By Peter Laird, MD
Buttonhole cannulation, also known as constant site cannulation , is a technique for accessing dialysis fistulas utilizing dull needles in an established tract. However, there are very few studies available on how well it compares to standard techniques such as the "rope ladder" technique that moves up and down the fistula. A recent study on 70 patients randomized to either rope ladder or buttonhole technique revealed higher complication rates in the buttonhole cohort:
Method: 70 subjects were recruited for this study. Subjects randomised to the buttonhole group had their fistula cannulated by the same staff member for two to four weeks at the same angle and direction with sharp needles. Once the tunnel was developed, blunt needles were used. The control group continued with usual practice (rope ladder rotation technique).
Results: Infection at the cannulation site occurred in four patients in the buttonhole group and one in the rope ladder rotation group (p= 0.11). Haematomas at the cannulation site and site pain experienced during the dialysis session were more often recorded for the buttonhole group (p< 0.05).
Conclusions: This study showed that buttonhole cannulation resulted more infections, haematoma formation, and site pain during dialysis than with the rope ladder rotation group. A further larger scale longitudinal study is recommended.
It is unclear at this time what the advantages of Buttonhole cannulation serves in the incenter population where nurses may not have the necessary time to adequately prepare the buttonhole before cannulation. Removing the scab prior to cannulation takes me several minutes, something that most dialysis technicians and nurses don't have in abundance. The finding of increased pain in this study is also interesting and I wonder if that was in relation to the process of scab removal by the nurses or the actual needle insertion. I greatly appreciate my own gentle hand when it comes to removing my scabs , but in the beginning before I acquired that task, the nurses removing the scab often hurt me more than the actual cannulation.
I would also like to see the same study in self care dialysis patients at home to see how well the incenter results compare to home patients. The issue of increased infections is a serious issue that in my opinion is related to individual preparation techniques more so than the buttonhole constant site technique itself since I have utilized buttonhole cannulation for four years without a single infection to date. Likewise, I know Bill Peckham has also avoided access infections while utilizing constant site cannulation for several years.
In addition to proper preparation and scab removal, I take great care with my fistula after dialysis, changing my band aids soaked with blood when I remove the pressure dressing in two hours, first cleaning around the site with alcohol pads. I only use a sterile needle for each site to pick the scabs as well as sterile disposable plastic tweezers to help clean the scab, never using the same needle or tweezer for both. For my own care, the pain of inserting needles in an established buttonhole is greatly diminished. Adding to that, I have never had a hematoma formation. Buttonhole cannulation in the hands of a self care patient is still a consideration in my opinion based on my own experiences. I believe it simply takes dedication to the fundamental principles of infection control before, during and after dialysis as well as a willing patient to learn self cannulation.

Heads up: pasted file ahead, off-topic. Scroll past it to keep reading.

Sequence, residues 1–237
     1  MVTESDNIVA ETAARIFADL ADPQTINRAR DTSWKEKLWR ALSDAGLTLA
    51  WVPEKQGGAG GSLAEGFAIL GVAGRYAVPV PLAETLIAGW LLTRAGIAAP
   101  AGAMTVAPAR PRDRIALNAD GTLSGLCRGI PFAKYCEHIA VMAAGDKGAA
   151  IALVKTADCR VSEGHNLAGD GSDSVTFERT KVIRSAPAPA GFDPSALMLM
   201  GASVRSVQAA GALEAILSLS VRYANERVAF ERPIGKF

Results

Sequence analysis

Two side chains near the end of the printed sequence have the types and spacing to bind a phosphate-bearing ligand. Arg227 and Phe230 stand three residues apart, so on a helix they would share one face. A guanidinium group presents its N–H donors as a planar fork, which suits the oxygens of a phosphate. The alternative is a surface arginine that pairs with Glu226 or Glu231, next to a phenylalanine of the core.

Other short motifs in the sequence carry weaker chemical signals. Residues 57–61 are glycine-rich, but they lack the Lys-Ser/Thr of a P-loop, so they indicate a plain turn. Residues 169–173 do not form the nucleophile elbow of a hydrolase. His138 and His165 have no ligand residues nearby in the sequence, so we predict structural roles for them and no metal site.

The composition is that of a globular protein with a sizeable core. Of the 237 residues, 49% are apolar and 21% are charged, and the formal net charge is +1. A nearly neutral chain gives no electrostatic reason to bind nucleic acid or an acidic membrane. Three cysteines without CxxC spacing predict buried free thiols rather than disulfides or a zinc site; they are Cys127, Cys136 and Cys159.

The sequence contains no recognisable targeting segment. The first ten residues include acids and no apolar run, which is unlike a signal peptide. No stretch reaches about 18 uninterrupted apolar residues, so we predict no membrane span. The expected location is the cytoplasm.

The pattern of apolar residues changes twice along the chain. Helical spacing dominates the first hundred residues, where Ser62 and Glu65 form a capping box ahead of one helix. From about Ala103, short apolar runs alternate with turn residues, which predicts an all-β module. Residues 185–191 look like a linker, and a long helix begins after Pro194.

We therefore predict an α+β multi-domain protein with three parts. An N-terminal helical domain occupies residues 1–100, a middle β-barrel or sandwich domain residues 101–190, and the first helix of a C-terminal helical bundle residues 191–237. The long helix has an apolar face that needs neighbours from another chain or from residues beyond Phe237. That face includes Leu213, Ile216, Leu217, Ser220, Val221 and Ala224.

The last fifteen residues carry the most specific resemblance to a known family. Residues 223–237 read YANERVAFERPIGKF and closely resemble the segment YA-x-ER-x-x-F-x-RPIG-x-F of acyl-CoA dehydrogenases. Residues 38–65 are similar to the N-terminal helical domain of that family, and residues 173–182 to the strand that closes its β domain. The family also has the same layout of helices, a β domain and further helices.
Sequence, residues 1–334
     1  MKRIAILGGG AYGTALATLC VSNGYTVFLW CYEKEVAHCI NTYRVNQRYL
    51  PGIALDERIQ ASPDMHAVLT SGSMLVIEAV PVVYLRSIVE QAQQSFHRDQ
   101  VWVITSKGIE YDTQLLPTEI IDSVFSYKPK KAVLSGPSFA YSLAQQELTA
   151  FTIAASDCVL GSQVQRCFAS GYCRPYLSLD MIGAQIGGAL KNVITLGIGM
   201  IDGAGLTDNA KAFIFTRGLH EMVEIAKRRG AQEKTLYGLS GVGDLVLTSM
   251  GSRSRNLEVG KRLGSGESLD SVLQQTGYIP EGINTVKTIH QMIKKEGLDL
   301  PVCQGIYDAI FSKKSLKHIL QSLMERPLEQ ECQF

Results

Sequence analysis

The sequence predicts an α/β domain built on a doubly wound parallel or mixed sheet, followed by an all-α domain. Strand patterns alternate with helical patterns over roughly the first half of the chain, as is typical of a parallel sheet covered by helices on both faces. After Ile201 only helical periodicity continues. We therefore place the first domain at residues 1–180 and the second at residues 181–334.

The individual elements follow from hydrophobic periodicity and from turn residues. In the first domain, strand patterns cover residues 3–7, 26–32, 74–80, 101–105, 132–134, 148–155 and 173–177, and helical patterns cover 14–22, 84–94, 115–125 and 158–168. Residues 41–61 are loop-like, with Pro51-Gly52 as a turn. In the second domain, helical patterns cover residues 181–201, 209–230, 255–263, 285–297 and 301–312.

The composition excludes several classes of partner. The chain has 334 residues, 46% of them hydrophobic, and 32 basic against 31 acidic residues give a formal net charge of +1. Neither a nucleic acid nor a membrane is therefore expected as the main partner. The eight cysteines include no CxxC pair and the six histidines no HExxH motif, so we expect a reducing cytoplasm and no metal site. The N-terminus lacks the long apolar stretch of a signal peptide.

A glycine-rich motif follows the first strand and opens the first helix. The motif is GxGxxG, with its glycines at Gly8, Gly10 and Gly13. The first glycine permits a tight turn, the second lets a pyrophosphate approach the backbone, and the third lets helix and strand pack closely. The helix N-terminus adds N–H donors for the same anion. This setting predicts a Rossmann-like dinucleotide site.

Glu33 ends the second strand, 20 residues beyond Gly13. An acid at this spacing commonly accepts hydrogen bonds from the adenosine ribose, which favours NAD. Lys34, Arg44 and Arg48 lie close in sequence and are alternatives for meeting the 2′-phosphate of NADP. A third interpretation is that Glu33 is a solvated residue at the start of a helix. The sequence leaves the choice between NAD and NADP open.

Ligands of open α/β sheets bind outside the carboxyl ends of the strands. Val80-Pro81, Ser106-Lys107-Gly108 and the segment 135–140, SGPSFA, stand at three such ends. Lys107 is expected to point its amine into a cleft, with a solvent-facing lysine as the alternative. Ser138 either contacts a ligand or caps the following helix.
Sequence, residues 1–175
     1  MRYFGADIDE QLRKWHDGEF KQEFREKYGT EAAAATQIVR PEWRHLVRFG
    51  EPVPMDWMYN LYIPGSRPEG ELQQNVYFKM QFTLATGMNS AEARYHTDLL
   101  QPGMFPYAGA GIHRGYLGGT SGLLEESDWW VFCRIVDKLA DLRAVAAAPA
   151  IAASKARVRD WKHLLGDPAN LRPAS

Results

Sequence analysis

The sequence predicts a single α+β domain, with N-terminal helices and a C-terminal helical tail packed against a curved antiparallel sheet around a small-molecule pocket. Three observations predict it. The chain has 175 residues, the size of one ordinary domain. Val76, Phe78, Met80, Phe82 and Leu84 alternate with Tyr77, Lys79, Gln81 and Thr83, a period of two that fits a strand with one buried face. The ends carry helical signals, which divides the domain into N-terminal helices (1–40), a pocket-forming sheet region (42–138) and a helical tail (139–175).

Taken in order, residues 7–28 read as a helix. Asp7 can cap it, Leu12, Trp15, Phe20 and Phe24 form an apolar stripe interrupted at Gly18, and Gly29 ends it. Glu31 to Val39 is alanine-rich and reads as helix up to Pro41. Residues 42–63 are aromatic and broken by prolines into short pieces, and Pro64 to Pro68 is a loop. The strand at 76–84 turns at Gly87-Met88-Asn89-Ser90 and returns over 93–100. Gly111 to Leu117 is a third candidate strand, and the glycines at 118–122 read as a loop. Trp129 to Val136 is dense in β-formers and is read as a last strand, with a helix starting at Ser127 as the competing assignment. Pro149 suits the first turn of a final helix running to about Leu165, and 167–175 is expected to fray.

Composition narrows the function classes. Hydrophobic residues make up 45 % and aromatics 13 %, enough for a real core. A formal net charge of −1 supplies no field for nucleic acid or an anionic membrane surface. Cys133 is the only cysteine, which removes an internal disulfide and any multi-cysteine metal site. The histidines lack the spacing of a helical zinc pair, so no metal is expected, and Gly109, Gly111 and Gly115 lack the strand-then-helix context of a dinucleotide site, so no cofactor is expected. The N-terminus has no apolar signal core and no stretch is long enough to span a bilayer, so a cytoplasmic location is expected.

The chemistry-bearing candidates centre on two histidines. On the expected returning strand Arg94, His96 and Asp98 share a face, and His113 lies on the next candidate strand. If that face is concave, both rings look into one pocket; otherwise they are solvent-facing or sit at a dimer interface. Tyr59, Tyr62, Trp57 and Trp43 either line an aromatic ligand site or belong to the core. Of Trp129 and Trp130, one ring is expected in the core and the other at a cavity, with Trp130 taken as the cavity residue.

I would hope that this study does not diminish the utilization of the only proven method of decreasing aneurysm formation that thousands of patients worldwide utilize on a daily basis. Further studies are warranted but I would suggest comparing self care buttonhole cannulation at home to that of in-center care where the technicians and nurses perform the cannulation. For myself, I am grateful for this useful technique and that I further have not had any of these complications listed in this study. Longitudinal studies employing self cannulation hopefully will improve upon the results in this study as some smaller studies already show:
According to the nurses, in 26 cases (79%) the use of the buttonhole method was considered a success, especially because of easier cannulation with less pain. The cosmetic effects of the buttonhole method, compared with the rope-ladder method, were considered favourable in 12 patients: less haematomas and less scar tissue were present compared with the rope-ladder technique; none of the patients suffered from negative cosmetic effects (Table 2).
The paradoxical findings between the prior observational studies conducted over several months and years and this randomized and controlled trial needs further explanation before application in the clinical setting. Certainly we do know that adherence to proper buttonhole technique including complete scab removal and infection control is the key to success for many dialysis patients who continue to note the benefits of buttonhole cannulation. Regardless of the disappointing results of this RCT on buttonhole cannulation, it remains in my opinion a useful technique especially in the home hemodialysis population.